The Profile of a High school Graduate In The 21st Century

by: Stefanos Gialamas, Ph.D., President, ACS Athens
John Papadakis, Director of Community Affairs & Enrollment Management, ACS Athens

Kathimerini English Edition, April 1, 2007

The most memorable moment of every student’s academic career is the time of graduation, the milestone that will follow the student until the end of his or her life as a moment of accomplishment, and sense of purpose. High school graduation is the first and most powerful such moment, both for the family and the student.

“Go confidently in the direction of your dreams! Live the life you’ve imagined. As you simplify your life, the laws of the universe will be simpler.” Just as Henry David Thoreau (1817 – 1862) instructed, thousands of graduates around the world every year leave their high school sanctuary to experience the world in its fullest, try to make sense of it and embark on an ambitious quest to change it for the better. Every school must be guided by a vision as to what is its graduates’ portrait, relating to their impact on the world.

The American educational philosophy establishes quality standards, and takes into consideration a variety of characteristics of all cultures, which are shaped by certain political, demographic and technological realities.

Our view at the American Community Schools of Athens is solidly established after years of study and active research with in-depth analysis of the foundation of international education, together with the collective effort of our faculty, parents, students and administration.

At ACS Athens, we have been providing a K-12 high-quality education in Greece since 1945, and we regard our students as natives in a digital world where most adults, including their parents, even some teachers and administrators, are just immigrants. This acknowledgement guides us as to what type of education we deliver to them and by which means.

Every academic institution with high standards and expectations is clearly obliged to have great aspirations for its students. They must be inquirers, who use their school to acquire the necessary skills to conduct inquiry and research while showing independence in learning .They are driven towards knowledge, exploring concepts, ideas and issues of local and global significance. They are expected to be critical and creative thinkers. Being communicators enables them to listen and receive ideas, within and beyond their own culture. Principles like integrity, honesty, humility, fairness and responsibility are the cornerstones of their character. Keeping an open mind toward different perspectives equips them with understanding and personal awareness. They show empathy, compassion and respect toward the needs and feelings of others, protecting their immediate and wider environment. They understand the importance of intellectual, physical and emotional balance for personal and community well-being. Personal reflect ion is a prized trait that enables them to assess and understand their own strengths and limitations. Finally, having attained and mastered all the previous qualities, we are sure that these students may become the ultimate leaders that approach unfamiliar situations and uncertainties with courage and articulate thought, making informed, ethical, moral and aesthetic choices with civic responsibility.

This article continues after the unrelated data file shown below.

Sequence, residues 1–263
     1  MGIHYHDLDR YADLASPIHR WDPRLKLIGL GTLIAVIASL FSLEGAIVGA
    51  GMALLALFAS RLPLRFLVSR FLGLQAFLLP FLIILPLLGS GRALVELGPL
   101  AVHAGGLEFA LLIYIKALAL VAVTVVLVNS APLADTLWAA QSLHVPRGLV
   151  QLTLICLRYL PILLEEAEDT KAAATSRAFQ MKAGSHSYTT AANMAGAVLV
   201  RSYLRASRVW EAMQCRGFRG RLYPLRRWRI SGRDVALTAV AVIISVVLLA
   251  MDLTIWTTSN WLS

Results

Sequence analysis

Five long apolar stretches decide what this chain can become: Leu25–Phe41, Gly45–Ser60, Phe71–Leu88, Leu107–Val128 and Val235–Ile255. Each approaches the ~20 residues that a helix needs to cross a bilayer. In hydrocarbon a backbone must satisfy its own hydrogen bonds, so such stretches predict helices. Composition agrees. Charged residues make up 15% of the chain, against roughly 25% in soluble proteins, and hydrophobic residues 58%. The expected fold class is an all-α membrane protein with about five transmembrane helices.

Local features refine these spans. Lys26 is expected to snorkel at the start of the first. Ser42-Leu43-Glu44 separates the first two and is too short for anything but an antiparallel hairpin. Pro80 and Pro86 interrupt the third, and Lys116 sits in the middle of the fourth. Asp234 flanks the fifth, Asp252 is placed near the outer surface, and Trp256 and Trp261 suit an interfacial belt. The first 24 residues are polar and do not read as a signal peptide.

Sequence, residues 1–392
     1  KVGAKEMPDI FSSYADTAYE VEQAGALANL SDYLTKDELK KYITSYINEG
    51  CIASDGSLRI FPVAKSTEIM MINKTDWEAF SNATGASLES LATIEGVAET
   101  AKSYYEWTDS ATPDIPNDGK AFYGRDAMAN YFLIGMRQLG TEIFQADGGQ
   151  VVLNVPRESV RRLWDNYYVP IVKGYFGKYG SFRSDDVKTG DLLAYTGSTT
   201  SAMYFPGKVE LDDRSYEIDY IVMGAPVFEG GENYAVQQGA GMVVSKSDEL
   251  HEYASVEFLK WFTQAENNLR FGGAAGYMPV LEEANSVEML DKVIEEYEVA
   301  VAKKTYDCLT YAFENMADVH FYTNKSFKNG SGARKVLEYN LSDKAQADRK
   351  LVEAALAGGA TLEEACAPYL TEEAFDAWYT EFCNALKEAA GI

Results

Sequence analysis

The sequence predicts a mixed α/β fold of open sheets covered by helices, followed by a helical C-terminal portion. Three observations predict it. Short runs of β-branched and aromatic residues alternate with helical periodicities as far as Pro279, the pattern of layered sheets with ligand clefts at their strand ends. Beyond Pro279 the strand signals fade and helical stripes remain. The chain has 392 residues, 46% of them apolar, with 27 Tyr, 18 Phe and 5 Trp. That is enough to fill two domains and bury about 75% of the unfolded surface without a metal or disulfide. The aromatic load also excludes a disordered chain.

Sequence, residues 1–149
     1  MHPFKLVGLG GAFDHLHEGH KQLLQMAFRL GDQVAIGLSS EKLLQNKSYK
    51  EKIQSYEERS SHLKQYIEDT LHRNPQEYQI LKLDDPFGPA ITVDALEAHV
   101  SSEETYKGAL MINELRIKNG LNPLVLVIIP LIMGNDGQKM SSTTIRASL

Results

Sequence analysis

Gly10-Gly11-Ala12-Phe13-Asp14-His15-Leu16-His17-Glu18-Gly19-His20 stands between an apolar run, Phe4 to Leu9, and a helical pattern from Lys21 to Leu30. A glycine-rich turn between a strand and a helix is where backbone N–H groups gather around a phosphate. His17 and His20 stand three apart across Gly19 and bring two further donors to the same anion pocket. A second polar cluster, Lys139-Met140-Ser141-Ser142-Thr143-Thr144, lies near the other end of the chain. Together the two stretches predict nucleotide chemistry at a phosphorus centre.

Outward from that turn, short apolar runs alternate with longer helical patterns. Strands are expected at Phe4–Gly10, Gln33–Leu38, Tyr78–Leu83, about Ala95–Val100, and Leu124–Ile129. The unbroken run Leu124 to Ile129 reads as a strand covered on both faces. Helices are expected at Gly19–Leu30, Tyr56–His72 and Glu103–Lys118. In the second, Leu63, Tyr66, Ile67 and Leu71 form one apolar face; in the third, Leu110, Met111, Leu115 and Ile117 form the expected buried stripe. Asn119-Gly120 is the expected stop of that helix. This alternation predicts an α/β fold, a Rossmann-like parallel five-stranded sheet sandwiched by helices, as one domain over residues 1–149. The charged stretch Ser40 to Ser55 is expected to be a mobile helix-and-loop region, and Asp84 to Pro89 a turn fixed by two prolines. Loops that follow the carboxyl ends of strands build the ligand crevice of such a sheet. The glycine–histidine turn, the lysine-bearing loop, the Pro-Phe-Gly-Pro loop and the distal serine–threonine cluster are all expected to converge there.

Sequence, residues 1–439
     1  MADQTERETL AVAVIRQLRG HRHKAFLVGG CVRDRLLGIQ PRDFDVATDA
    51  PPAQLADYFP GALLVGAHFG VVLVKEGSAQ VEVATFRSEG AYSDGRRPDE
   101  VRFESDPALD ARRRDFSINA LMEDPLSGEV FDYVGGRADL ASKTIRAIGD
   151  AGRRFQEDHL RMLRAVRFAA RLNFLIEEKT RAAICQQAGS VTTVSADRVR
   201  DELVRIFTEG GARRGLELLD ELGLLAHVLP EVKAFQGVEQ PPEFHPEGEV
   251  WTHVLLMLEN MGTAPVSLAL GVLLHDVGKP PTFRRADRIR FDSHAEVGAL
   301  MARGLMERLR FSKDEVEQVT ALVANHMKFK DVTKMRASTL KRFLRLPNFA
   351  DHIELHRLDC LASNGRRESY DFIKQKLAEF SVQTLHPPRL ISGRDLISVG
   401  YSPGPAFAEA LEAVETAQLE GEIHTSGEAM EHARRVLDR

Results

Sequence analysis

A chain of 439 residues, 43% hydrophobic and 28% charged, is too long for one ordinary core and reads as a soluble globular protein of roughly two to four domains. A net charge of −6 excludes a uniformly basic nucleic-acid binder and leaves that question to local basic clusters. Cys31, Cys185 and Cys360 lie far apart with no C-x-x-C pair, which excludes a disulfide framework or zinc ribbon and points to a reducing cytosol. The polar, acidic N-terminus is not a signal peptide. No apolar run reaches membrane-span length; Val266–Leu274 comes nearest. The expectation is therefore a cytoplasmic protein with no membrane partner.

The new social realities are rapidly changing the face of high school and college teaching and learning, as are expectations from our graduates. It is clear to us that students with the previously presented characteristics can make the world a better place to live. Because, as Aristotle so poignantly articulated in his “Nicomache an Ethics,” “it is not always the same thing to be a good man and a good citizen.”